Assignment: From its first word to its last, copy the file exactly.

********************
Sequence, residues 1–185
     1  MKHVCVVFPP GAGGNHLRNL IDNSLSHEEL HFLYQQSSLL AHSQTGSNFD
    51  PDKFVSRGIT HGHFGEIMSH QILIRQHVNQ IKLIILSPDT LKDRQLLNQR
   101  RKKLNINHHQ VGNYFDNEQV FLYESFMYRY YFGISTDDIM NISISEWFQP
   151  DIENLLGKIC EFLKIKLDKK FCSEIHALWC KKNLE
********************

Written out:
Sequence, residues 1–185
     1  MKHVCVVFPP GAGGNHLRNL IDNSLSHEEL HFLYQQSSLL AHSQTGSNFD
    51  PDKFVSRGIT HGHFGEIMSH QILIRQHVNQ IKLIILSPDT LKDRQLLNQR
   101  RKKLNINHHQ VGNYFDNEQV FLYESFMYRY YFGISTDDIM NISISEWFQP
   151  DIENLLGKIC EFLKIKLDKK FCSEIHALWC KKNLE